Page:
Synaesthesia

The mystical sense of law

Authored by: Nicola Masciandaro

Routledge Handbook of Law and Theory

Print publication date:  August  2018
Online publication date:  August  2018

Print ISBN: 9781138956469
eBook ISBN: 9781315665733
Adobe ISBN:

10.4324/9781315665733-9

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Abstract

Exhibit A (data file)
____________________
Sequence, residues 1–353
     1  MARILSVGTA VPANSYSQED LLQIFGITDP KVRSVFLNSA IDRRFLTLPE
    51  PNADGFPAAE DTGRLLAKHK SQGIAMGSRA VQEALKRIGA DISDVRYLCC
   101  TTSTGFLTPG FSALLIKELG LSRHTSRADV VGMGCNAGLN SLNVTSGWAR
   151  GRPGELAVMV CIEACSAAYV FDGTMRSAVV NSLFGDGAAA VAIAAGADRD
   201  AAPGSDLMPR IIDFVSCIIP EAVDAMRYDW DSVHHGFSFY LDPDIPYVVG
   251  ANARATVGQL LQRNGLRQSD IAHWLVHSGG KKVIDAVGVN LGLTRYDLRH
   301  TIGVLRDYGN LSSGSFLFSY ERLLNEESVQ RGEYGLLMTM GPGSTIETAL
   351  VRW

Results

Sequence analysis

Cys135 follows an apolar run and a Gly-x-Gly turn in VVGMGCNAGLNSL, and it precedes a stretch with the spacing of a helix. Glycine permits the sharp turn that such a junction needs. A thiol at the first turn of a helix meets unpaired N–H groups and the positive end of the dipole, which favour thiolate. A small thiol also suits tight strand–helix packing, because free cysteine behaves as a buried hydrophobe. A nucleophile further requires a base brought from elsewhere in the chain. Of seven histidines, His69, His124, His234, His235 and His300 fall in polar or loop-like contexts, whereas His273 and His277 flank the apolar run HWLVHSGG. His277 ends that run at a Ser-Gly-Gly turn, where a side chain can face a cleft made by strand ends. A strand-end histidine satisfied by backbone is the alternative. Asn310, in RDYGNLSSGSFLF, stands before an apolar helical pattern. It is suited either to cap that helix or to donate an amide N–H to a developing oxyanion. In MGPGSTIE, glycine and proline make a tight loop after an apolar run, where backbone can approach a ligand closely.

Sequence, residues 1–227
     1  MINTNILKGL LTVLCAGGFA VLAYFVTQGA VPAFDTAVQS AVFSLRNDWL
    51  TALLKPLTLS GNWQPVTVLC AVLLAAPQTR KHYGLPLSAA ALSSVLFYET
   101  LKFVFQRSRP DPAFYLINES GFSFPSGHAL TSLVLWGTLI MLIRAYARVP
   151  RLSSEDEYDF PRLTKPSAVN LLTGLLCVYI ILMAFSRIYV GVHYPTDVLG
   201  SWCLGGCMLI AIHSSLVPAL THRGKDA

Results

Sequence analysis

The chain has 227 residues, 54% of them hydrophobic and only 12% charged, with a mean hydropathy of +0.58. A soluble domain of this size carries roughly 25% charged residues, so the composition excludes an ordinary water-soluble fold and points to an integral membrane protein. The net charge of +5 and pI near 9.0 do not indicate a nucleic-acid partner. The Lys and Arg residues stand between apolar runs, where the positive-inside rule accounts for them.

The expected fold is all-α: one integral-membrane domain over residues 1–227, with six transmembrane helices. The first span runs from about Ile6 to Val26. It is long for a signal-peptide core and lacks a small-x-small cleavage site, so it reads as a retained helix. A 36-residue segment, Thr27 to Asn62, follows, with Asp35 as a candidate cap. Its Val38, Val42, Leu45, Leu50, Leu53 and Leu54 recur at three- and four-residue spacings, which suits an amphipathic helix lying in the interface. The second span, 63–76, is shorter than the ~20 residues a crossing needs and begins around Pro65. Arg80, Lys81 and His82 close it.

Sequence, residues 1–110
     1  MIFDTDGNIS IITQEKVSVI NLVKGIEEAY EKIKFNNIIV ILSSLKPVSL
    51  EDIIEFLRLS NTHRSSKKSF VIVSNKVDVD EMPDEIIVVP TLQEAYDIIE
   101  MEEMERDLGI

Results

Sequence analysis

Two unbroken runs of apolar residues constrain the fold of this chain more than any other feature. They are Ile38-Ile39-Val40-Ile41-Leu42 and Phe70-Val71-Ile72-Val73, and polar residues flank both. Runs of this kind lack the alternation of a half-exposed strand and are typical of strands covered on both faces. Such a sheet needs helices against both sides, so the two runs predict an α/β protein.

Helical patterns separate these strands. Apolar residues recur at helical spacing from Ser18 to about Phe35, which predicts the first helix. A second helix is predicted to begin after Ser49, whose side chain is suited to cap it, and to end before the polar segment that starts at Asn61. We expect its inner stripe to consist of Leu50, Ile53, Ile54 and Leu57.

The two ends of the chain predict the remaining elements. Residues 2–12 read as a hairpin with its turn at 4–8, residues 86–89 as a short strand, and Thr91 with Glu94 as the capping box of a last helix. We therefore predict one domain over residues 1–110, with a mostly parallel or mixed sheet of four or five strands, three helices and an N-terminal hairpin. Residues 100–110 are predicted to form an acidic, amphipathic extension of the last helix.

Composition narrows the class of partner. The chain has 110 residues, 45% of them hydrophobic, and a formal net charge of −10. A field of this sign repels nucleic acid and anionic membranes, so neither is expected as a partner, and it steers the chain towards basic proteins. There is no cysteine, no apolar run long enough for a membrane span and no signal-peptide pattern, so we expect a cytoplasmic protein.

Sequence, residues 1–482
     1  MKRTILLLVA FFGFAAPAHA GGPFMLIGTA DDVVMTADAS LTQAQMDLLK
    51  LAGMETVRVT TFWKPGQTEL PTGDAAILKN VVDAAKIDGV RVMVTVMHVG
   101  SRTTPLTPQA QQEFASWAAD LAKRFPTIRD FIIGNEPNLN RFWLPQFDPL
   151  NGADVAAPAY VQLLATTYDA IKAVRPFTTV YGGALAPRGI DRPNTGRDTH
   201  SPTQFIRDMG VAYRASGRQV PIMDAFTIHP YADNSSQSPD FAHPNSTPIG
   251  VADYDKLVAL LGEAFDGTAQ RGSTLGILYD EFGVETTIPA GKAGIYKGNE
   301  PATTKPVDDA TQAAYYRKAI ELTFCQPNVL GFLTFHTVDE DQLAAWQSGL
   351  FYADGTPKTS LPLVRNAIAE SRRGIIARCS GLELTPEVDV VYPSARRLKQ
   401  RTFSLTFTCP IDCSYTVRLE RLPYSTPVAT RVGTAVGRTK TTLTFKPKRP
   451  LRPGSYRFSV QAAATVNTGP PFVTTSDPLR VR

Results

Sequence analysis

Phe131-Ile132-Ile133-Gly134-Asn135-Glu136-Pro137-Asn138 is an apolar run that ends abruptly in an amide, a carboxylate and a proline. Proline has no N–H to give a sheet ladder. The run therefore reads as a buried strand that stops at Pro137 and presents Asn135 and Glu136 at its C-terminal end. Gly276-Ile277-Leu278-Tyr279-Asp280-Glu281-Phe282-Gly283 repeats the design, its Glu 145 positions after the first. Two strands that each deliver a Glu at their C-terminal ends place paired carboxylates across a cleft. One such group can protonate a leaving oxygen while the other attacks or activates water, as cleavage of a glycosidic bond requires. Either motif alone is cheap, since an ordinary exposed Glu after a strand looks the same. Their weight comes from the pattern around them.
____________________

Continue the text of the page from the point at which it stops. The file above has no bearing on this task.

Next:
Synaesthesia – a concept invented by Aristotle’s commentators – represents not only an aspect of law’s relation to the senses but the very interface between the sense of law and the law of sense. Synaesthesia is the law because synaesthesia senses, without sensing it as such, law per se. My essay pursues this insight in the form of a commentary on Arthur Rimbaud’s classic synaesthetic poem “Voyelles,” interpreting it as a pronunciation of the mystical sense of law. While the poem speaks about synaesthesia, there takes place within it another hidden word: the call of the poet as the one who utters law and the call of law as poetry. “Voyelles” is an openly secret demonstration of the fact that the poetic word of synaesthesia pronounces law.

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